(Closed) Jumping the Broom…Slave tradition or African tradition?

posted 6 years ago in African-American
Post # 3
Member
117 posts
Blushing bee
  • Wedding: December 2011

I know it’s not a Nigerian culture….Maybe another African culture??? On second thoughts, i was watching the movie” the help” and the Mother-In-Law mentioned something about how the slaves came up with it because they were not allowed to be married. It may still be rooted in some African cultures, but definitely not Nigerian.

Post # 4
Member
1991 posts
Buzzing bee
  • Wedding: October 2011

As a Nigerian person, it’s definitely not a Nigerian practice. In the research I’ve done and other West African cultures that I’m familiar with, it’s not a West African practice. Maybe in South African or East African, but knowing those cultures, I doubt.

As far as I know, it’s a African AMERICAN tradition

Post # 6
Member
196 posts
Blushing bee

It’s originally a Romani/Eastern European custom that spread to England/Scotland and eventually the African American community in the US.  I don’t think anyone is completely sure how it made the jump to different locations.

Post # 7
Member
878 posts
Busy bee
  • Wedding: September 2012

I have only ever known jumping the besom (broom) as a celtic tradition.  Only more recently (since watching american reality TV) have I heard of it with a slave connection.

Post # 9
Member
2239 posts
Buzzing bee
  • Wedding: May 2011

@HueysLuda:  According to wikipedia it started in wales/scotland…not ghana. I’m not sure I would trust a blogspot. Not that wikipedia is the best, but it’s pretty accurate.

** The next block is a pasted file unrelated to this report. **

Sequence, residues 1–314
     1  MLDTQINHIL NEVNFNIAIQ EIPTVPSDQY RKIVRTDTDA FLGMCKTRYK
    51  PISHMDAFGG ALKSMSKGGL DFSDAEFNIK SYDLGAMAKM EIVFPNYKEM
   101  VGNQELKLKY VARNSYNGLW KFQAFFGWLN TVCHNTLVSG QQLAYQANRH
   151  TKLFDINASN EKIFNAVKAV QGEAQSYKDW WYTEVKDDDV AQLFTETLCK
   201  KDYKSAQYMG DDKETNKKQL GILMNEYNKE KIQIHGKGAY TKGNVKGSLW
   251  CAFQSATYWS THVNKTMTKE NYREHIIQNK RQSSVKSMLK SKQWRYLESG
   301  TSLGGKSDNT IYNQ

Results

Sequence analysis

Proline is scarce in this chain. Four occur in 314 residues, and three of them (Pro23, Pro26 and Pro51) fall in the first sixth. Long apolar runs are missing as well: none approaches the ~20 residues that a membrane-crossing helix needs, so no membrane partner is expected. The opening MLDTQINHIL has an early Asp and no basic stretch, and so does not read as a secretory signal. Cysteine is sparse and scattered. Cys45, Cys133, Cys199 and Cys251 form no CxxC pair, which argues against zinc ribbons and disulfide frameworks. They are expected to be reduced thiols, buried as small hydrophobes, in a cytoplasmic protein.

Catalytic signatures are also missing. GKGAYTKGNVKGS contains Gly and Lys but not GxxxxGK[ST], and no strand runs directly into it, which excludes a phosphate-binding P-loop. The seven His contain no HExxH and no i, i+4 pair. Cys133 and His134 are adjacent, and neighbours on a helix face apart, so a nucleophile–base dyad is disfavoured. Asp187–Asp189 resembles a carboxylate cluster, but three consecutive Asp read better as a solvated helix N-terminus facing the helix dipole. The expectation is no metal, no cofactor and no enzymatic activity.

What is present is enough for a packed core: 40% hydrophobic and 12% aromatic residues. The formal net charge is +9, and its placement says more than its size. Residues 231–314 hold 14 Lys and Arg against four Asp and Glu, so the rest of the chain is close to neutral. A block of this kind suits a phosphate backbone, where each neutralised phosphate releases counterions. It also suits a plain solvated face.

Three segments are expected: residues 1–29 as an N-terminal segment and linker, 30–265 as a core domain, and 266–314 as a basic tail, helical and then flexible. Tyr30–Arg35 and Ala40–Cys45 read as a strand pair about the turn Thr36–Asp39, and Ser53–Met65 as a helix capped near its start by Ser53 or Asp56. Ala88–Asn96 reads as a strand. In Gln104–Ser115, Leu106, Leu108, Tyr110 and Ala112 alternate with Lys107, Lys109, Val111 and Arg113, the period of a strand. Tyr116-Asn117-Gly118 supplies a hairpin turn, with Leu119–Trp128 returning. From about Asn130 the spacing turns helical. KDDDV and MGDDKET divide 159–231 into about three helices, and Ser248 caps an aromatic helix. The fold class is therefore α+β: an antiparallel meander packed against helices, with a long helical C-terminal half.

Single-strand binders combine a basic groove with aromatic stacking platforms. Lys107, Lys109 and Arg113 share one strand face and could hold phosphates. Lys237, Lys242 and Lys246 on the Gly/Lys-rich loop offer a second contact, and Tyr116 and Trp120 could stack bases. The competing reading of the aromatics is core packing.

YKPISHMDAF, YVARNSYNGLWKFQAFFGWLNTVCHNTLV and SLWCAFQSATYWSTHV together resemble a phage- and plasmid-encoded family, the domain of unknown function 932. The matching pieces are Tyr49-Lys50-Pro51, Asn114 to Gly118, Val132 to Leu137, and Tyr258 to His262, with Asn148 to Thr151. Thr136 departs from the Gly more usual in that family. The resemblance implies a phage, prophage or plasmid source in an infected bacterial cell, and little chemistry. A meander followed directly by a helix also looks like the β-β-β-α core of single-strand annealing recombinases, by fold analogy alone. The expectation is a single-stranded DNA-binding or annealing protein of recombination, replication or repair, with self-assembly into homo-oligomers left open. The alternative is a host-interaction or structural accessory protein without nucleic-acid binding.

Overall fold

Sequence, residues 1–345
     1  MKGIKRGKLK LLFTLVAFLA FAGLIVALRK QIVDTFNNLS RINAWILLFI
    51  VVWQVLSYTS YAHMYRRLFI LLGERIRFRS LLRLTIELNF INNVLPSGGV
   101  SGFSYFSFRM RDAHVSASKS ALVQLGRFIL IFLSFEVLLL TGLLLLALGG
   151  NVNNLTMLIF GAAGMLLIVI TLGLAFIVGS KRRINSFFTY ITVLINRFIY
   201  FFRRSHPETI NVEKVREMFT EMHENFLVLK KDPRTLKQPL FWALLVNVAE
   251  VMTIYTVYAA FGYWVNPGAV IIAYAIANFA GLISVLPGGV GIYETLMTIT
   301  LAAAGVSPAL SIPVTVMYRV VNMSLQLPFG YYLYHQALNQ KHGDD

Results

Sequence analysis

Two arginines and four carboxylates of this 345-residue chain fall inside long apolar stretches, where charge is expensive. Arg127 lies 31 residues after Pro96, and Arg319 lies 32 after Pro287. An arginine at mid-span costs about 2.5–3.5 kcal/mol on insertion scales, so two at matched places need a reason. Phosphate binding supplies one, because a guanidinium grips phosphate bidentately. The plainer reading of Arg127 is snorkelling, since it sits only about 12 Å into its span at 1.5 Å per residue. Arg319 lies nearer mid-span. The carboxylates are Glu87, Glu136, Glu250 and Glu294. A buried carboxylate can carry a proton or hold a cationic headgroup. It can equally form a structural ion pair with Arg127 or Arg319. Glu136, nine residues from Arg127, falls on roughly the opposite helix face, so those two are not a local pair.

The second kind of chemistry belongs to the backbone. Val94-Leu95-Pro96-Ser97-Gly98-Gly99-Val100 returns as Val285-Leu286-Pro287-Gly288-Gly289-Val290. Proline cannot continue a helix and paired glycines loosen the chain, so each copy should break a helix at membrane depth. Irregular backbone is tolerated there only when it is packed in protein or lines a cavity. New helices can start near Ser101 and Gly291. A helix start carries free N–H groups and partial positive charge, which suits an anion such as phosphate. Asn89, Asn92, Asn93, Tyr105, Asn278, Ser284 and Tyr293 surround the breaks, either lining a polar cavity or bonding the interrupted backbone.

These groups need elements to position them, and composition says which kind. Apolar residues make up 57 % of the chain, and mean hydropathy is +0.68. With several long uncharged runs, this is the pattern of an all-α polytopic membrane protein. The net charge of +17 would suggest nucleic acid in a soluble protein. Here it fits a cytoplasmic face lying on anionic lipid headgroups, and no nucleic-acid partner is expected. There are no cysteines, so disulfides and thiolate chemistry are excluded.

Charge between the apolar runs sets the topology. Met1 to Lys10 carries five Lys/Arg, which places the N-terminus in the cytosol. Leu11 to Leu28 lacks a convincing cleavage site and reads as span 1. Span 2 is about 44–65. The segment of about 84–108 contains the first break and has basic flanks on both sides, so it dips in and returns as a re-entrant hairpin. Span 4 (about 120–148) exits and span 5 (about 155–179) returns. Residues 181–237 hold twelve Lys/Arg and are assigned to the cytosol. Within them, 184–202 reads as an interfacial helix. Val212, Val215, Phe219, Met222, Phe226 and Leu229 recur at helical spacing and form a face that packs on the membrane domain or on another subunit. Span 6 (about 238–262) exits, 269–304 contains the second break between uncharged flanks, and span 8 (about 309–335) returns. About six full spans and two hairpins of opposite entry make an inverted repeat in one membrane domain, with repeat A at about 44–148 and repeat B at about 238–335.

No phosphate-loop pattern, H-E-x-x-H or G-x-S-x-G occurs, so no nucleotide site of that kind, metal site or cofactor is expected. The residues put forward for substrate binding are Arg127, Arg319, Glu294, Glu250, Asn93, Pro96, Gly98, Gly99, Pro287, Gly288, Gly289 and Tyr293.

Post # 10
Member
609 posts
Busy bee
  • Wedding: August 2012

@kate169: Yup, that is why I said that it may have started in Ghana.

Post # 12
Member
2442 posts
Buzzing bee
  • Wedding: April 2011

Slaves were not allowed to legally marry.  Jumping the broom was all that they had.  It wasn’t something the slave owners forced them to do.  It was the only way a slave man and a slave woman could express their love and commitment to one another.  I don’t think that is a bad thing that slaves found some way to have a dignified union.

We jumped the broom after our ceremony.  DH wanted us to use an undecorated homemade broom in an attempt to do it the way they likely had to do it to honor our ancestors who were oppressed through slavery.  (I did throw a bow on there though!)

Post # 15
Member
68 posts
Worker bee
  • Wedding: May 2013

I don’t look at it as slave culture, more like the way our ancestors were only able to show their marriage.  Slaves were not allowed to marry, so jumping the broom was a way that they showed their union.  I prefer to jump the broom than mixing sand and lighting a unity candle.  I guess its up to each person’s interpretation and what it means to them. 

Post # 16
Member
1489 posts
Bumble bee
  • Wedding: October 2012

I am going to jump the broom as a family tradition and I would say do what you feel is best for you

 

The topic ‘Jumping the Broom…Slave tradition or African tradition?’ is closed to new replies.

Find Amazing Vendors